Chiefs encourage Islanders to have a different kind of Canada Day this year


M’Chigeeng, ON – The discovery of the lost children in Kamloops and at other former residential schools is shocking. At the same time, it is not surprising for Indigenous peoples, including the Anishinaabe of Mnidoo Mnising. It is just one of the many horrors brought on by Canada’s colonialist policies.

Canada Day cannot be a day of celebration for us. It is instead a day of profound sadness for us. We are in mourning for the Indigenous children killed by Canada’s system.

Canada Day is a painful reminder of the harm Canada has done and continues to do to Indigenous peoples and Indigenous children. Even today Canada continues its colonialist policies – including by fighting against the fair and equitable treatment of Indigenous children and by failing to provide Indigenous communities access to safe drinking water.

Despite the work of the Truth and Reconciliation Commission, which investigated the residential school system and its impacts, a large majority of Canadians say they were mostly unaware of the harm caused by Canada’s residential schools until the discovery in Kamloops.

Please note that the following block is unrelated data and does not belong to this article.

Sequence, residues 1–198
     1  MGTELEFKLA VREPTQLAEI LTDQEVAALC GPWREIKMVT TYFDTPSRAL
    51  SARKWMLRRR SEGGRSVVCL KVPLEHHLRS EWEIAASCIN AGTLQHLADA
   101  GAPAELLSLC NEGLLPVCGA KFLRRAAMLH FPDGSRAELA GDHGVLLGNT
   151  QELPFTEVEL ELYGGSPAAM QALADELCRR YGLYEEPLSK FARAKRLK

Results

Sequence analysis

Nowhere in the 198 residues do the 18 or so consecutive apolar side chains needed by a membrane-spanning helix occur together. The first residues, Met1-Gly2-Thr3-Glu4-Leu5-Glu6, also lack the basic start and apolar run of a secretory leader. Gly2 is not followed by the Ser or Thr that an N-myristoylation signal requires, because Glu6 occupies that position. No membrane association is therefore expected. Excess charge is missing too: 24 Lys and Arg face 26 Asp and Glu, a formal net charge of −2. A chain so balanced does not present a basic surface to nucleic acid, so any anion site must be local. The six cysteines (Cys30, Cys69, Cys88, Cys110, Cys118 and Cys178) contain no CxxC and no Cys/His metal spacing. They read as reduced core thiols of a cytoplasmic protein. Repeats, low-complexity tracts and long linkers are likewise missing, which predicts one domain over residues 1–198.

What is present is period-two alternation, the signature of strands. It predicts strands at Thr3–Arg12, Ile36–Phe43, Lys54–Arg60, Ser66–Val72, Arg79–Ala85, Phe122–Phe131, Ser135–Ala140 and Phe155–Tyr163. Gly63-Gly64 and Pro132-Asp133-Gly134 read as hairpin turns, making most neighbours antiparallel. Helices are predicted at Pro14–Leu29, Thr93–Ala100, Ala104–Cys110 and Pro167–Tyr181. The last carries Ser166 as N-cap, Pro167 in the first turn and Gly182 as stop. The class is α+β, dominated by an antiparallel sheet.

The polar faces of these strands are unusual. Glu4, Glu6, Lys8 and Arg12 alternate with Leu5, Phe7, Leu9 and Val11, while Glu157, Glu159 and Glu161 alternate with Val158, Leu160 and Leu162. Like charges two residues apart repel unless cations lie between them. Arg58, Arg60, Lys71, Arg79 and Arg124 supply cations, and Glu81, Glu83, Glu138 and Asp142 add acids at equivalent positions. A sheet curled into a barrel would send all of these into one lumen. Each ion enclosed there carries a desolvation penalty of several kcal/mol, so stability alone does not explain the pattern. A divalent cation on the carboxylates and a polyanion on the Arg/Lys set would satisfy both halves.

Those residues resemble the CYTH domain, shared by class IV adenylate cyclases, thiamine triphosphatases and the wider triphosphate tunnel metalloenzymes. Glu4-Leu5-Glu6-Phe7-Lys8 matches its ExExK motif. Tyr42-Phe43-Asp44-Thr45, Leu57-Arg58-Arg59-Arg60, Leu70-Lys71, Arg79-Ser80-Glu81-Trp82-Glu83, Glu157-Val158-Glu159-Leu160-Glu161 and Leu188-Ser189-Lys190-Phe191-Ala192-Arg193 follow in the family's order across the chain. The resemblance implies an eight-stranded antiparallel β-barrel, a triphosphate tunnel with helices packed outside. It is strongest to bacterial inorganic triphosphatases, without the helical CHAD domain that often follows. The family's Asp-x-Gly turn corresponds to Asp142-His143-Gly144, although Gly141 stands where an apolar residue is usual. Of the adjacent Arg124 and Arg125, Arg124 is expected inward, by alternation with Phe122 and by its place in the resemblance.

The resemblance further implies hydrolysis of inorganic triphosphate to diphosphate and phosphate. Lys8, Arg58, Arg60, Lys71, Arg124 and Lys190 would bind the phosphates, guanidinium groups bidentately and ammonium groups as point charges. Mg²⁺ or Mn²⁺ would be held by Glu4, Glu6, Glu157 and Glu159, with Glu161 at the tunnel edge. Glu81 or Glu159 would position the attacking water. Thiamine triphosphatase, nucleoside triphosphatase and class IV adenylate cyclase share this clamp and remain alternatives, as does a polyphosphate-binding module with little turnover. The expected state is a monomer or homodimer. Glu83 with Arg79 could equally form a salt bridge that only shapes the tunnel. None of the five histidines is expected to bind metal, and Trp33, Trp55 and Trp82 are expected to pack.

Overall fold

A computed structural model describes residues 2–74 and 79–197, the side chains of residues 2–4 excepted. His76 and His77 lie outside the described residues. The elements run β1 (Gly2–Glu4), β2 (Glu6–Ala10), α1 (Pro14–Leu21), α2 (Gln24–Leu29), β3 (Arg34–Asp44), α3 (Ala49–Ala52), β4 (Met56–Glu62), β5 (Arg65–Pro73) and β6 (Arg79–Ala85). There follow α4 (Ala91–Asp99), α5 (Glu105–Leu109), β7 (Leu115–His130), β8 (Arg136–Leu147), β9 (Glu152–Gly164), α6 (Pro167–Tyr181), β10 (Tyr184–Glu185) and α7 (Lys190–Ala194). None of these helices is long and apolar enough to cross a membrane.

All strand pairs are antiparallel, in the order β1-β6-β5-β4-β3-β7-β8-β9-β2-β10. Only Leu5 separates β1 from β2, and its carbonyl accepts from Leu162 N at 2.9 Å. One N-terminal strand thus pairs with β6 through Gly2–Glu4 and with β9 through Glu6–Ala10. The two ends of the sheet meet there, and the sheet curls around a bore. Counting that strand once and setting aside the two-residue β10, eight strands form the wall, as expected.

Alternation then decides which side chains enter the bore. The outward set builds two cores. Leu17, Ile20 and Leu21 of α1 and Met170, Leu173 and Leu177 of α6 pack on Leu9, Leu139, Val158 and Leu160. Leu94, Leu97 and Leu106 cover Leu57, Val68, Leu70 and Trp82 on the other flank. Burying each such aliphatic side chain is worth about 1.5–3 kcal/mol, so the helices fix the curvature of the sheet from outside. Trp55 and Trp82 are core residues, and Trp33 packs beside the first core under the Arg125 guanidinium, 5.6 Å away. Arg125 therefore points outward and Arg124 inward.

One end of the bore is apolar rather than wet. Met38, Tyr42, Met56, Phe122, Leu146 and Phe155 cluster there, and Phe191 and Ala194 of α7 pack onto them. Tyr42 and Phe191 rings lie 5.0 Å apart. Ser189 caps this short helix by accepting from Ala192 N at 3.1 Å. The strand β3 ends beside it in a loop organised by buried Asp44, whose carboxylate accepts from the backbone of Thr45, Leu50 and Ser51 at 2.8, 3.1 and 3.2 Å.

This must change.

We, the Anishinaabe of Mnidoo Mnising, ask that Canadians to use Canada Day to educate themselves about the residential school system and its impacts. We encourage them to start by reading the Report of Truth and Reconciliation Commission and thinking about how they can work to implement the Commission’s Calls to Action.

We ask our neighbours not to celebrate Canada Day. Instead we ask them to educate themselves on the true history of Canada and to support us in our mourning by wearing an orange shirt to commemorate the lives of all our children. We also encourage you all to stand together with us in holding the Government responsible and addressing the historical injustice.